not qualified to serve and may be removed. (Defs.' 56.1 St. ¶¶
Ms. Cowan notified her supervisor, Edward Friedenthal, and he in turn
reported the incident to Justice Bamberger, who was presiding over the
Lopez case. (Compl. ¶ 31; Defs.' 56.1 St. ¶ 20.) A disciplinary
proceeding before the New York State Supreme Court, Appellate Division,
First Department Departmental Disciplinary Committee ("Departmental
Disciplinary Committee") was initiated against Tauber on the basis of the
incident. (Defs.' 56.1 St. ¶ 20; Pls.' 56.1 Counter-St. ¶ 20.)
After holding a series of hearings on the matter, the referee appointed
to review the allegations credited Tauber's account and recommended that
the charges be dismissed. See In the Matter of William Tauber, Esq., RP
No. 7006/99, Report of Referee (N.Y.App.Div. July 12, 1999). A hearing
panel of the Departmental Disciplinary Committee concurred in the
referee's determination that the charges should be dismissed. See In the
Matter of William Tauber, Esq., RP No. 3006/99,*fn1 Determination of
Hearing Panel (N.Y.App.Div. Aug. 11, 1999) (Both decisions are attached
as Ex. D of Affirmation of Roberto Lebron dated October 4, 2000 ("Lebron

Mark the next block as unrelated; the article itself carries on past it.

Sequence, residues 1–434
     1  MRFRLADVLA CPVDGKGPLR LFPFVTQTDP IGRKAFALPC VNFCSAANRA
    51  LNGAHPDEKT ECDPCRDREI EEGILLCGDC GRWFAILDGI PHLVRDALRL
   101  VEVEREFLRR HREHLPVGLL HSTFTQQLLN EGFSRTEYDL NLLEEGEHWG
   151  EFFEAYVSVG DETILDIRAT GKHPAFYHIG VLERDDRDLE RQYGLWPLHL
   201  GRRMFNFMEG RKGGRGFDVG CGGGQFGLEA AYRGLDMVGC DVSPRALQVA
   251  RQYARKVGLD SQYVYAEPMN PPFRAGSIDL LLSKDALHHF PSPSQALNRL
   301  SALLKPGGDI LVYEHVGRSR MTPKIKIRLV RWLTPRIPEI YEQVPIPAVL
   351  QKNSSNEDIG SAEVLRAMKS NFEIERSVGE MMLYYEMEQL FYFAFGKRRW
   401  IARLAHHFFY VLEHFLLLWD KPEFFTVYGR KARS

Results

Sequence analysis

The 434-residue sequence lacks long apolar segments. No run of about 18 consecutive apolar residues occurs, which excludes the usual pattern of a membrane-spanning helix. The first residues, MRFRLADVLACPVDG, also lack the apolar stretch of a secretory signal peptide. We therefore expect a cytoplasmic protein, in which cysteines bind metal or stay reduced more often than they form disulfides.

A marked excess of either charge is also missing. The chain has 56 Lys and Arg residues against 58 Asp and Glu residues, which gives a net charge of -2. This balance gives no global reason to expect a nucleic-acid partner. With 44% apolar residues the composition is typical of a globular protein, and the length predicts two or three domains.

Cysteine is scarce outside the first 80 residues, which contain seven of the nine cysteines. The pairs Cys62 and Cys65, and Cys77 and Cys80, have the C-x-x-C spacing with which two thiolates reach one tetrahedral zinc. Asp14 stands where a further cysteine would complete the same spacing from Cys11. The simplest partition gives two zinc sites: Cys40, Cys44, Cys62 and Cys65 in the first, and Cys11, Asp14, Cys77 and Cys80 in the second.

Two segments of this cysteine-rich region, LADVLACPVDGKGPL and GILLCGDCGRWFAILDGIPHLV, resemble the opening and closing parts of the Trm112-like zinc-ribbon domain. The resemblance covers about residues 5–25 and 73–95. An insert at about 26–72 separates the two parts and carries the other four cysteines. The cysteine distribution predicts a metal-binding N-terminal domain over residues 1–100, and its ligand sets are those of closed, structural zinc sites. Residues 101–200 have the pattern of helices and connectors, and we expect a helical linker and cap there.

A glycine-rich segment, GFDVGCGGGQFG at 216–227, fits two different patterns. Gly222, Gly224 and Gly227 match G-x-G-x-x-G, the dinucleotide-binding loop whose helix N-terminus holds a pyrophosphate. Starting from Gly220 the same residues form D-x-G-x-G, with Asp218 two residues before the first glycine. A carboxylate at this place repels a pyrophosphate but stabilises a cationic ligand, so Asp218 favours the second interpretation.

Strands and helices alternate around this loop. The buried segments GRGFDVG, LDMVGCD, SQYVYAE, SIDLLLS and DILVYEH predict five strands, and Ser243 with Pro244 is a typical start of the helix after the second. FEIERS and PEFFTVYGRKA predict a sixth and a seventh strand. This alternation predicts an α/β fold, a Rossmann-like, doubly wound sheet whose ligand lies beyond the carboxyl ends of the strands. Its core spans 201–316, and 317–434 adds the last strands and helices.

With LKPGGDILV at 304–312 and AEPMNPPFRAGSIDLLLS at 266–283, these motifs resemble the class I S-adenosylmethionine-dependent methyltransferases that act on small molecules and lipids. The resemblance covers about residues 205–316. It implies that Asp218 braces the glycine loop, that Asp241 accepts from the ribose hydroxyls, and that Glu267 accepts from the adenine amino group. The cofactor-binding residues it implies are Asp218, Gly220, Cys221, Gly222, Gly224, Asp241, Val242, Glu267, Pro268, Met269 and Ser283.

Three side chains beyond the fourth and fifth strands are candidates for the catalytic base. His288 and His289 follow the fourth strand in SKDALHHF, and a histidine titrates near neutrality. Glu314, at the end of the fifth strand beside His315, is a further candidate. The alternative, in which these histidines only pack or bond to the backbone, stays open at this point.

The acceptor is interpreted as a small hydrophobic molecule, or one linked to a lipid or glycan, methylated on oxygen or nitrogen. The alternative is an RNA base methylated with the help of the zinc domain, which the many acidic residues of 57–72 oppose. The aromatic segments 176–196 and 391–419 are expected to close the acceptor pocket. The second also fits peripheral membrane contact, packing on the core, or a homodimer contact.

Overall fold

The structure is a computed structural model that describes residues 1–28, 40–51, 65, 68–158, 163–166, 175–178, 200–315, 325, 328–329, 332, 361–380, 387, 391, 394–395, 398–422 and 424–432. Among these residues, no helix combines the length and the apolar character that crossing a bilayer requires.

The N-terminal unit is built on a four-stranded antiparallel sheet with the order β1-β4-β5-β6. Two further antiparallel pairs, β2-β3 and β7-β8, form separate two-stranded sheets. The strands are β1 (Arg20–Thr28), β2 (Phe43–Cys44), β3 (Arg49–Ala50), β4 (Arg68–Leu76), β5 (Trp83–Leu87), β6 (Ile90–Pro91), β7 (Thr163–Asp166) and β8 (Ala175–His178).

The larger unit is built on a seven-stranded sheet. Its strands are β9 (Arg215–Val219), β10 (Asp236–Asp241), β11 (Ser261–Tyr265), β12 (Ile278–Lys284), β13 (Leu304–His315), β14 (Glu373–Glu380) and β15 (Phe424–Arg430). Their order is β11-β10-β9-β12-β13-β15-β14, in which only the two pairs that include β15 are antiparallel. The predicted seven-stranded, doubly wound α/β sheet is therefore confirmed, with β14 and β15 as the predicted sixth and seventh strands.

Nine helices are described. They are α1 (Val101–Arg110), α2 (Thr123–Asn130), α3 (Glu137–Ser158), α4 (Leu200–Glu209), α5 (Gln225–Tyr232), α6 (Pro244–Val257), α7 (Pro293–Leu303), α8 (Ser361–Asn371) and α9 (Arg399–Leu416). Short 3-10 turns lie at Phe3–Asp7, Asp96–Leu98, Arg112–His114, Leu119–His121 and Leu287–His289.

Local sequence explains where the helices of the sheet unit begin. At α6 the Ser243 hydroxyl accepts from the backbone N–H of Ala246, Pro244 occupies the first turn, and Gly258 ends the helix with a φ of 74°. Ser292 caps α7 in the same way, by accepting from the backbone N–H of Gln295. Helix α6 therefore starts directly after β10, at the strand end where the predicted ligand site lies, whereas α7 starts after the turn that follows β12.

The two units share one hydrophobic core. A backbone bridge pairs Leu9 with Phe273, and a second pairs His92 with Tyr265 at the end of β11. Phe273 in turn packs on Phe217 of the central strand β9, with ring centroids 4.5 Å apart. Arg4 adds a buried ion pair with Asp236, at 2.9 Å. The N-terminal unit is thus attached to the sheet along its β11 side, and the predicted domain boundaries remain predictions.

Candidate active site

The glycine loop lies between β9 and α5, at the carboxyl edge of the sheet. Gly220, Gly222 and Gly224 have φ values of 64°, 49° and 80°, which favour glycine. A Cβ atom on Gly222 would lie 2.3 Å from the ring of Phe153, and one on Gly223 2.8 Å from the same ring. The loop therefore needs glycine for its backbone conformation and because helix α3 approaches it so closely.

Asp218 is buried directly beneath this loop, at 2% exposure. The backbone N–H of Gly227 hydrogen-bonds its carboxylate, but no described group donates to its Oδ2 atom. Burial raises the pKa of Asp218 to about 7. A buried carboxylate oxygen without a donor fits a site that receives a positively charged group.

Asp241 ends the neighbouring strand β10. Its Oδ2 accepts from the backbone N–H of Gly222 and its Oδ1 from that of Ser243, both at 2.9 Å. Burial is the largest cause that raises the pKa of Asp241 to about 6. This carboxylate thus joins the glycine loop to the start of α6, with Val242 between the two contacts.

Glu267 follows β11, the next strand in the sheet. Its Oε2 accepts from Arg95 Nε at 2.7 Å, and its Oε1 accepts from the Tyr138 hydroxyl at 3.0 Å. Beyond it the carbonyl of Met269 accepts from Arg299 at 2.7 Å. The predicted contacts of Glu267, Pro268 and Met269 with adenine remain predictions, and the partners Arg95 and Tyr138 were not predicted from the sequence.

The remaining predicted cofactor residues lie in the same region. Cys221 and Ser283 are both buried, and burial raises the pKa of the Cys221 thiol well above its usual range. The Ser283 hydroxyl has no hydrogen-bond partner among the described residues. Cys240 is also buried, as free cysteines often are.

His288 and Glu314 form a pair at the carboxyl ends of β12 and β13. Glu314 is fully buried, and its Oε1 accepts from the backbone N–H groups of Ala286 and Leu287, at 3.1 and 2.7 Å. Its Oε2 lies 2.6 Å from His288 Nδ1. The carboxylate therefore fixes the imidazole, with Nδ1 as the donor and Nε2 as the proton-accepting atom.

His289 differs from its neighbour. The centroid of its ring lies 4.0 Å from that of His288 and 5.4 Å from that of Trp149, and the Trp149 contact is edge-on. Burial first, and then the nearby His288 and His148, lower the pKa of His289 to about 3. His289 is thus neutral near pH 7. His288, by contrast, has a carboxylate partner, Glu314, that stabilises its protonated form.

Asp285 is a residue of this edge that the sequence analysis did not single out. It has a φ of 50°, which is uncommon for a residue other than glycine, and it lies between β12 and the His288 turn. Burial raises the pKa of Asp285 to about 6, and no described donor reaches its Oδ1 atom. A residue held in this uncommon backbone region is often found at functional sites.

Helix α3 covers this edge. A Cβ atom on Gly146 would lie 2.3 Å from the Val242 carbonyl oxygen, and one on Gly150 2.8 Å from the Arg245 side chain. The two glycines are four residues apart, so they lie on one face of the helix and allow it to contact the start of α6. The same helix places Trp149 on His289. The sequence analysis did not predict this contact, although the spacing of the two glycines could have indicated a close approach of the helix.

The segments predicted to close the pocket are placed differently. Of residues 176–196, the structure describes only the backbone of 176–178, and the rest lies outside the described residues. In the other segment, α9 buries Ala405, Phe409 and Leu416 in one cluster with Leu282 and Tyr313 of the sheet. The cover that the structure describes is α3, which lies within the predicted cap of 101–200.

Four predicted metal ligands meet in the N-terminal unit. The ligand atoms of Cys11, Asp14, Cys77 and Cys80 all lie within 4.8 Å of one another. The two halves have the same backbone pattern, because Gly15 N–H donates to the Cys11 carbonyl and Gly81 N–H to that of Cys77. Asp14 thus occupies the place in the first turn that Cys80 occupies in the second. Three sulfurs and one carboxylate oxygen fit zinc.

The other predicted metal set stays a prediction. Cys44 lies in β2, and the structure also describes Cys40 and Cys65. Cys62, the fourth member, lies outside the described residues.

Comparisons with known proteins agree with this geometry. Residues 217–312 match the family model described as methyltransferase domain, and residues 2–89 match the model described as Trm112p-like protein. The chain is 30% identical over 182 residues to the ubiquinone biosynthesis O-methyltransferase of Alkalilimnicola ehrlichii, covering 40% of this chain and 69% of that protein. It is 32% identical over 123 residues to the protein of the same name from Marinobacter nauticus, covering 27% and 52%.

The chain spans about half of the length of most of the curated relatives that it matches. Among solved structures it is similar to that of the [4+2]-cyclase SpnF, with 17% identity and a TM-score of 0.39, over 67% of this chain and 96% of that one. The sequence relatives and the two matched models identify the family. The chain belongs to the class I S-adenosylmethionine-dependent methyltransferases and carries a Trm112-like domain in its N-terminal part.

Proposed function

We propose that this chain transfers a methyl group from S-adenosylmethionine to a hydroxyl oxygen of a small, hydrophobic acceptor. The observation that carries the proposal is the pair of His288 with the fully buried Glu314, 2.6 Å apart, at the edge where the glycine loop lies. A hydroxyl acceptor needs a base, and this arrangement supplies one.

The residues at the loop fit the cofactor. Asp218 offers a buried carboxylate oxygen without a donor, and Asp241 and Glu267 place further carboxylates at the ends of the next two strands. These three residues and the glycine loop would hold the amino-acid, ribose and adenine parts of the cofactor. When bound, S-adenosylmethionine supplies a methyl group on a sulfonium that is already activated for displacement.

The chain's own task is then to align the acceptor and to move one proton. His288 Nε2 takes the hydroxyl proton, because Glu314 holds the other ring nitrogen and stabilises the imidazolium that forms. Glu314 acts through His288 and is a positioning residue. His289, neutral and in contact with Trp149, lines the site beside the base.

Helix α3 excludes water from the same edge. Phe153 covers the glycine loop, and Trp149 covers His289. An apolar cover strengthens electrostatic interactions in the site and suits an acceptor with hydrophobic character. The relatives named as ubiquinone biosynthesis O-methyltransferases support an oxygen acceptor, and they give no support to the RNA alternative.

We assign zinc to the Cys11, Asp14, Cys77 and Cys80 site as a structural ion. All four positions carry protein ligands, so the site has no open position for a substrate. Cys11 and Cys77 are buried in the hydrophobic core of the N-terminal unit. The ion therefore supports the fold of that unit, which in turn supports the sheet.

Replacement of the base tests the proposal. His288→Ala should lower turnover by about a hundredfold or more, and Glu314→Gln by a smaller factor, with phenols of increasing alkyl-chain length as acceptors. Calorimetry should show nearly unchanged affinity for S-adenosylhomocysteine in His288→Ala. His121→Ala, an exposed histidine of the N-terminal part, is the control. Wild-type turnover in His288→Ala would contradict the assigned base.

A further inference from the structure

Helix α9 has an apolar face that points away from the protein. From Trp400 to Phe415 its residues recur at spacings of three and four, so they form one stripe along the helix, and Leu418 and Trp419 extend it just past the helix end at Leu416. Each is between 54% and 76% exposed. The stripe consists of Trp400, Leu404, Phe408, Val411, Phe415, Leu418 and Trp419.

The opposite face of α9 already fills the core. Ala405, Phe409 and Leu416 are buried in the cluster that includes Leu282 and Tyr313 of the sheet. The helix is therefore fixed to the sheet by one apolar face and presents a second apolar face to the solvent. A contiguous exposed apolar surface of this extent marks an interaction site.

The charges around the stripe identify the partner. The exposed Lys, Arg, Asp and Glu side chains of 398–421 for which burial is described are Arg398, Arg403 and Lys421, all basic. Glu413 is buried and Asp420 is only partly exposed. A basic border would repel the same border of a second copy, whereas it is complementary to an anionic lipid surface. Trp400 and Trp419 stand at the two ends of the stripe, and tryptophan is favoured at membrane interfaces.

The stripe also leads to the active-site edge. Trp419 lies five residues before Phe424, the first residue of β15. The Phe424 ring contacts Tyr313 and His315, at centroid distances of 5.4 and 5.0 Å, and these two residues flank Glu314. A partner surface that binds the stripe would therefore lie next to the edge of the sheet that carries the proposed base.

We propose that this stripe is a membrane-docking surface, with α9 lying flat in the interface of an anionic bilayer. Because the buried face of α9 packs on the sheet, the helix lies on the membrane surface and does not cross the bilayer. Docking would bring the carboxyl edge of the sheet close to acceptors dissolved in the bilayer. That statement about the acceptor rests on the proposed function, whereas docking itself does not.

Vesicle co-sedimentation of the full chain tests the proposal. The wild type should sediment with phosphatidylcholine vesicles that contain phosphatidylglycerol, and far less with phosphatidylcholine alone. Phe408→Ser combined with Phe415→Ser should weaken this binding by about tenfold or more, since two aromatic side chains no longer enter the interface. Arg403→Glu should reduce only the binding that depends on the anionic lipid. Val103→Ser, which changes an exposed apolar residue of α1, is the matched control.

The plaintiffs filed this action on August 5, 1998 asserting two causes
of action. In the plaintiffs' first cause of action, the Cowans allege
that the defendants violated the DPPA. (Compl. ¶¶ 12-44.) In the
second cause of action, plaintiff Robin Cowan alleged that the defendants
engaged in outrageous conduct causing emotional distress. (Compl. ¶¶
45-54). On March 16, 1999, plaintiff Robin Cowan filed an action in New
York State Supreme Court, New York County, against the same defendants
also alleging outrageous conduct causing emotional distress ("State Court
Action"). (Defs.' 56.1 St. ¶ 3 & Ex. B.) The State Court Action
was dismissed by orders dated June 30 and July 31, 2000, and judgment was
entered on ...